Abstract Terrestrial ecosystems are heterogeneous habitat mosaics of varying vegetation types that are differentially affected by climate change. Arctic plant communities, for example, are changing faster in moist habitats than in dry habitats and abiotic changes like snowmelt vary locally among habitats. Such differences between habitats may influence the effects of climate changes on animals and this could be especially true in low-mobility species. Suitable model systems to test this idea, however, are rare. We examined how proxies of reproductive success (body size, juvenile/female ratios) and sex ratios have changed in low-mobility crab spiders collected systematically over a 17-year period (1996–2012) from two distinct habitats (mesic and arid dwarf shrub heath) at Zackenberg in northeast Greenland. We identified all adults in the collection to confirm that they represented just one species (Xysticus deichmanni Sørensen) based on morphology. This provided a unique opportunity to measure recruitment potential because we could assume that all juvenile crab spiders belonged to that species. We determined sex, stage, and size of all specimens (n = 2,115). Body size variation was significantly related to the timing of snowmelt and differed significantly between the sexes and habitats with the spiders in the mesic habitat showing a stronger temporal response to later snowmelt. Juvenile/ female ratios also differed significantly between habitats; as did the overall abundance of individuals. We found significant main effects of snowmelt and habitat on sex ratio with the proportion of females decreasing significantly in response to later snowmelt only in the mesic sites. Effects of climate change may be masked by habitat differences and have implications for future range changes of species at both small and large spatial extents. We recommend that local habitat differences are included in analyses of species responses to climate change.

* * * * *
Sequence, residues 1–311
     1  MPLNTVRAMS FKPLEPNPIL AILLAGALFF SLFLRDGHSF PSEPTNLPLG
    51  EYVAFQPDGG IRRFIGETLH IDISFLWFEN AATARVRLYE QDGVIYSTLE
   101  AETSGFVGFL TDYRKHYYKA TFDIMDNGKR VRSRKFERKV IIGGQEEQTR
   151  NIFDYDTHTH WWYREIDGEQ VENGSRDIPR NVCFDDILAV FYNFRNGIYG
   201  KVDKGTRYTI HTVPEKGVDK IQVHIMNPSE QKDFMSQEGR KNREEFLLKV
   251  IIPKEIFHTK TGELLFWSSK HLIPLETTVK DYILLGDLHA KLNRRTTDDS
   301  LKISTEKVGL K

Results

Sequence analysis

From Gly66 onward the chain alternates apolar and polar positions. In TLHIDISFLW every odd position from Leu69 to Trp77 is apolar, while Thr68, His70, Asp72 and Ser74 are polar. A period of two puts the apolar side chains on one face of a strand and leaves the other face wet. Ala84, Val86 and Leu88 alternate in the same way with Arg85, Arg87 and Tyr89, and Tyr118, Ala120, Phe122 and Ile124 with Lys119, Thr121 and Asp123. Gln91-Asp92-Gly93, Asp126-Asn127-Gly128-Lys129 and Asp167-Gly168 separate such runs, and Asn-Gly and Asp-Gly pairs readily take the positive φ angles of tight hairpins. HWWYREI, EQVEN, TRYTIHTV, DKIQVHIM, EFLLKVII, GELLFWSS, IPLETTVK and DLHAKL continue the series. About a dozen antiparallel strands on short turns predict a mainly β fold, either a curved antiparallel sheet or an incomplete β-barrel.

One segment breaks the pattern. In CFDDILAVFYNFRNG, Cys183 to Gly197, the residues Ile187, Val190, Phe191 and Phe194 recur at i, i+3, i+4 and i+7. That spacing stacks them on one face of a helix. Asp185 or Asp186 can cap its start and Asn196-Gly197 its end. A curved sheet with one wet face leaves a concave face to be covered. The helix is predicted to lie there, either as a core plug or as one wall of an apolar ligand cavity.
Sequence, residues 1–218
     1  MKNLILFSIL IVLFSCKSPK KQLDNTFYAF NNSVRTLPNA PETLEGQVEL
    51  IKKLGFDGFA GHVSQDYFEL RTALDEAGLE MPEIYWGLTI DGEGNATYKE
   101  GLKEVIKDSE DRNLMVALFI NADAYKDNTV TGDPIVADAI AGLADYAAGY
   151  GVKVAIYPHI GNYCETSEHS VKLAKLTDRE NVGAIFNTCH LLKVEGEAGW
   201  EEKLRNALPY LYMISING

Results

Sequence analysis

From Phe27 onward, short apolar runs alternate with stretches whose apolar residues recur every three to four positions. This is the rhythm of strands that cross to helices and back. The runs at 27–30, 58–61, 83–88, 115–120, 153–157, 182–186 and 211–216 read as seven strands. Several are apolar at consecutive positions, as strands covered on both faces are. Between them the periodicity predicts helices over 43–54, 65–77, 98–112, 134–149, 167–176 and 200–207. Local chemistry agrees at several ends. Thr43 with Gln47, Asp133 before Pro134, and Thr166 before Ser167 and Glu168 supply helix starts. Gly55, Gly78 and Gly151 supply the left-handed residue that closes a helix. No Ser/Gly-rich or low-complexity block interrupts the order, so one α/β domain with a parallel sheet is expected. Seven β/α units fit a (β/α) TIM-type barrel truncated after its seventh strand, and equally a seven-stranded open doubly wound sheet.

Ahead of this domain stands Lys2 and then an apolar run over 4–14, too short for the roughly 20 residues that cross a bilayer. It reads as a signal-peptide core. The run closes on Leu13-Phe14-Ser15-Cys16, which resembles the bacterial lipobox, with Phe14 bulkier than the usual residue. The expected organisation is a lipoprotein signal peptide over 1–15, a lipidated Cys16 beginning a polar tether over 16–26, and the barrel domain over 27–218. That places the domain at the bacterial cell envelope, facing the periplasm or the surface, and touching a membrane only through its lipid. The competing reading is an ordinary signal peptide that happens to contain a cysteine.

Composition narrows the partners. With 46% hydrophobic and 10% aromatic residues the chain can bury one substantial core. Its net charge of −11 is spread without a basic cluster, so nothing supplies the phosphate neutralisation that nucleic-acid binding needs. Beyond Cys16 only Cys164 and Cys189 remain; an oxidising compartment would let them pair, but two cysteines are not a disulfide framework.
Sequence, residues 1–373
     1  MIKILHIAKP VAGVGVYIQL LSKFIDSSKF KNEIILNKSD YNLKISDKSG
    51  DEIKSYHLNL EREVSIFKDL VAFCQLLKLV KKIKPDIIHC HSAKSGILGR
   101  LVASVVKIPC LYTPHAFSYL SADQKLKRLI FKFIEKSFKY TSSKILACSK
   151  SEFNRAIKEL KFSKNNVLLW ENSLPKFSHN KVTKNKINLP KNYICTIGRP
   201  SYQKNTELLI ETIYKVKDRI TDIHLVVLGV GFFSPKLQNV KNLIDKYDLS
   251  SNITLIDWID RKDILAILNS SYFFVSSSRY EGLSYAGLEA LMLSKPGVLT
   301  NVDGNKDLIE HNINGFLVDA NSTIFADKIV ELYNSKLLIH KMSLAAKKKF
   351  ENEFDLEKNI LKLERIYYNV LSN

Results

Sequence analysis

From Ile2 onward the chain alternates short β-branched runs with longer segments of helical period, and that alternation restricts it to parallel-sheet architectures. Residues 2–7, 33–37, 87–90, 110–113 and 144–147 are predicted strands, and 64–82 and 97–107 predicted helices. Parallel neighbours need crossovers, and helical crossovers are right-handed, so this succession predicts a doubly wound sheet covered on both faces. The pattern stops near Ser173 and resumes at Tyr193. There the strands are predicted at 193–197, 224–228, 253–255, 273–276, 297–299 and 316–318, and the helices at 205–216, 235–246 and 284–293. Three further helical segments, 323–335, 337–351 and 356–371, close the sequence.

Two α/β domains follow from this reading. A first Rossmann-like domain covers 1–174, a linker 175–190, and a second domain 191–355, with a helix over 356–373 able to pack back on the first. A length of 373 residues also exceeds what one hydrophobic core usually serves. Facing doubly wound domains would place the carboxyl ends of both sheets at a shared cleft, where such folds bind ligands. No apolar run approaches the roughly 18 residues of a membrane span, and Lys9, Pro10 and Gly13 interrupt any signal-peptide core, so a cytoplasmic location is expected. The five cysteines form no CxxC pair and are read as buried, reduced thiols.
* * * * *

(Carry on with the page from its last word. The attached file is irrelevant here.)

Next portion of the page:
Polar Biology, 2015, Vol 38, Issue 4, p. 559-568
high arctic; arthropod; Zackenberg; Thomisidae; mesic heath; dry heath